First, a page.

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IRDAI (Surety Insurance Contracts) Guidelines, 2022

The Insurance Regulatory and Development Authority of India (“IRDAI”) recently issued the IRDAI (Surety Insurance Contracts) Guidelines, 2022 (“Guidelines”) to regulate the business of surety insurance (“Business”) in view of the unique risks and features of surety insurance. The Guidelines shall be enforced from 1 April 2022.

Surety insurance contract (“Contract”) is a contract of guarantee under section 126 of the Indian Contract Act, 1872 to perform the promise, or discharge the liability of a third person in case of his default. Under the Guidelines, a contract of surety shall be deemed to be an insurance contract only if made by a surety which is registered with the IRDAI as a general insurer. As such, the Guidelines permit only general insurers registered with IRDAI to transact the Business, provided they comply with the following eligibility criteria:

  1. Maintain solvency margin of not below 1.25 times of the control level of solvency specified by the IRDAI.
  2. Premium charged for surety insurance policies underwritten in a financial year including the instalments due in subsequent years, shall not exceed 10% of the total gross written premium of that year, subject to maximum of Rs. 500 crores.
  3. Have a Board approved underwriting philosophy, adequate competence and underwriting skills, risk management and required infrastructure for underwriting.
  4. Risk management mechanism / internal risk management guidelines to evaluate financial / technical strength of principle before and after the underwriting the Business.
  5. Comply with specific conditions imposed by IRDAI.

The Guidelines provide six types of Contracts: Advance Payment Bond, Bid Bond, Contract Bond, Customs and Court Bond, Performance Bond and Retention Money. An insurer shall comply with, inter alia the following underwriting requirements:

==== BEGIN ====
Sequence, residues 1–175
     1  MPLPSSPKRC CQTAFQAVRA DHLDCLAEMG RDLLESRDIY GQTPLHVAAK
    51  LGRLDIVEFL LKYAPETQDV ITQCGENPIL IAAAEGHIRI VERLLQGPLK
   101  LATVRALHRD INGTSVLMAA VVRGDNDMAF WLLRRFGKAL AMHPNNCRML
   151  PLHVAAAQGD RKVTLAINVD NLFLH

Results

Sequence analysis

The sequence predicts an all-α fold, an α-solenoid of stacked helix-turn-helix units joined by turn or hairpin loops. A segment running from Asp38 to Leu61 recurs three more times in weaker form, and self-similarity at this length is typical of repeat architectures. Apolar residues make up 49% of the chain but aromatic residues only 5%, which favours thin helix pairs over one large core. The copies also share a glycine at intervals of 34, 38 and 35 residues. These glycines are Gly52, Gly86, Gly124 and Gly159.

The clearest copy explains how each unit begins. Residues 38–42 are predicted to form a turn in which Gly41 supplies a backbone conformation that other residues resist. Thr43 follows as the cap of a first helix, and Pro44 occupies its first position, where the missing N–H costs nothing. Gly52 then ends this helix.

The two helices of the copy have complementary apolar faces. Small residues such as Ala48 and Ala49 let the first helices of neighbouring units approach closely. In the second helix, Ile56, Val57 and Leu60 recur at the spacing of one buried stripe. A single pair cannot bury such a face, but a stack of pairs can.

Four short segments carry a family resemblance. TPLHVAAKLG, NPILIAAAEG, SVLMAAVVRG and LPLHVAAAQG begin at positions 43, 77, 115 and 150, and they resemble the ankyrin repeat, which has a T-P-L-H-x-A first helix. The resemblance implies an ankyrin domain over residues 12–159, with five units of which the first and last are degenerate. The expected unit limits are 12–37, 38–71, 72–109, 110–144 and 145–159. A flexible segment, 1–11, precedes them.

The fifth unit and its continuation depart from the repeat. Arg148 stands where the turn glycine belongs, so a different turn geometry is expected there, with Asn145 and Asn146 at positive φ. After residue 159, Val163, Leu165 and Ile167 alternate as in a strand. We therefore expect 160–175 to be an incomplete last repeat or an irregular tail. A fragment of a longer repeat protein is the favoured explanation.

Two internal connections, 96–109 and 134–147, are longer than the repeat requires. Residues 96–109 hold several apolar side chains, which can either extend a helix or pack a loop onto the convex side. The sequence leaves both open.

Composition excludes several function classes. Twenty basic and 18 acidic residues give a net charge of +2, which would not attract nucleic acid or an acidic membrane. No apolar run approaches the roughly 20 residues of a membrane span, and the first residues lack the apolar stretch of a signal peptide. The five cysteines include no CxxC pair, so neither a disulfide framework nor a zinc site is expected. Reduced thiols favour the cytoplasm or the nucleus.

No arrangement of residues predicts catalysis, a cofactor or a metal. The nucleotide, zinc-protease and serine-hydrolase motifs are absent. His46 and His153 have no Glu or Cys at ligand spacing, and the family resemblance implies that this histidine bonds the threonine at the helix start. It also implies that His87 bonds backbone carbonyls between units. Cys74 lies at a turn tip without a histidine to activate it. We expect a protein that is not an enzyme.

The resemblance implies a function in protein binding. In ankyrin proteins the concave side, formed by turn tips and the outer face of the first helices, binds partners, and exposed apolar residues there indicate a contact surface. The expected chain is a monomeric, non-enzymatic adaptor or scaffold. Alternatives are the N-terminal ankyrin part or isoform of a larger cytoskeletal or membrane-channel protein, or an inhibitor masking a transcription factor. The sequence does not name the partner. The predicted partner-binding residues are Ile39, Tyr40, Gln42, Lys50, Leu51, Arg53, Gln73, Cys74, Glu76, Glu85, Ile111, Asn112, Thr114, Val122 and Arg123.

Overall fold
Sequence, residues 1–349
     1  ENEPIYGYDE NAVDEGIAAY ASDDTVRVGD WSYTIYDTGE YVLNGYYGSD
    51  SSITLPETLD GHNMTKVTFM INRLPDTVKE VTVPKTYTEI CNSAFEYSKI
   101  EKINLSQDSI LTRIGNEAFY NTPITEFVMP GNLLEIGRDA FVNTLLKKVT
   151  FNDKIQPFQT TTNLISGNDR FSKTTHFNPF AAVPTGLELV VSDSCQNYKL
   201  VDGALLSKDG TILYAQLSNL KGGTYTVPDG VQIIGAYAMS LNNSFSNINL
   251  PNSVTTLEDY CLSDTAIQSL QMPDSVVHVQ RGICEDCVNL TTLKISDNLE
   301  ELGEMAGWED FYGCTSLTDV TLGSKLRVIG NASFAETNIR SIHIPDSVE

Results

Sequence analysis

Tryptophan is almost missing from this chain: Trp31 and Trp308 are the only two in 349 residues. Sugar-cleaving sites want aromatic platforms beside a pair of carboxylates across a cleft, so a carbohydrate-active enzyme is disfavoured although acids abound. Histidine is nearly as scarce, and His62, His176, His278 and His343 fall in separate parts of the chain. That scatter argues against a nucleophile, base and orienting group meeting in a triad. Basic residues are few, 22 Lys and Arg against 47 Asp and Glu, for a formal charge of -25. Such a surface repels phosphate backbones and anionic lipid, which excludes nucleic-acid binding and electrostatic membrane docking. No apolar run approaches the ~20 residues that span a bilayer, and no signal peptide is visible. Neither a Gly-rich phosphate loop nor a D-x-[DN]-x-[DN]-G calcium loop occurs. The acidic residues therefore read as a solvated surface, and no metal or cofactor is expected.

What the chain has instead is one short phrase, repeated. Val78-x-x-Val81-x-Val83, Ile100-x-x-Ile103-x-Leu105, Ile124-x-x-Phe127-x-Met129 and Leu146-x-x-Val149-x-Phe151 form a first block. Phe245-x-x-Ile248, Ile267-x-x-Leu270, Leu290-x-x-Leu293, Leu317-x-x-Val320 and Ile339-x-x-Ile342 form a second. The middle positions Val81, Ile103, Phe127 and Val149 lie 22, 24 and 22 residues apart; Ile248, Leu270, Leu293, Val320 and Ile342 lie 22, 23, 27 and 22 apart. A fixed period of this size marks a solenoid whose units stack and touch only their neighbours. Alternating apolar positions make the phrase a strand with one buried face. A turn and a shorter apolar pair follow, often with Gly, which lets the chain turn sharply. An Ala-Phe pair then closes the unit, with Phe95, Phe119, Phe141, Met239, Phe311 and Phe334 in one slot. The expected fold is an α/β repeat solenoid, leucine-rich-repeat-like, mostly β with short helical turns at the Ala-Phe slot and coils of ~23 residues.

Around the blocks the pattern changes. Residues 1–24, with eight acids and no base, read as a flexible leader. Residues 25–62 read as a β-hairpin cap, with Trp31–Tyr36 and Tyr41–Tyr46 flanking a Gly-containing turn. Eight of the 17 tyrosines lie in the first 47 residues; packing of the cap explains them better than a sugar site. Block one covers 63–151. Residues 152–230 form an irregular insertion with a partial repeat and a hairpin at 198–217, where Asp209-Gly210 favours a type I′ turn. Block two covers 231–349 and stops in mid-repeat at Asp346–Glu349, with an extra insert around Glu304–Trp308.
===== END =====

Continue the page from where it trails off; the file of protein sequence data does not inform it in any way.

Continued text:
1. Contracts may be offered to Government / Private infrastructure projects
  2. The Contract Bonds may include Bid Bonds, Performance Bonds, Advance Payment Bond and Retention Money. Insurers may also underwrite Customs or Tax Bonds and Court Bonds.
  3. The limit of guarantee shall not exceed 30% of the contract value.
  4. The Contracts shall be issued only to specific projects and not be clubbed for multiple projects.
  5. Insurer cannot issue the Contracts on behalf of its promoters/ their subsidiaries, groups, associates and related parties.
  6. The Contracts shall not cover financial guarantee in any form.
  7. The underlying assets / commitment of the Contracts should not outside India and the payment of risk should be made in Indian currency.

Further the Guidelines mandate that surety insurance products shall be marketed only after the same have been filed and noted by the IRDAI. Further, the data of the Contracts is required to be submitted to Insurance Information Bureau of India, as prescribed. Furthermore, the insurers shall maintain the relevant records and data related to the Business and provide the same to the IRDAI when required.

In our view, surety insurance shall prove to be beneficial to the Indian infrastructure sector which is susceptible to delays and defaults and will assist the contractors by enabling them to utilize their capital efficiently.

Annie Arya

Senior Associate

Varsha Jalan

Partner

Arushi Arora

Associate

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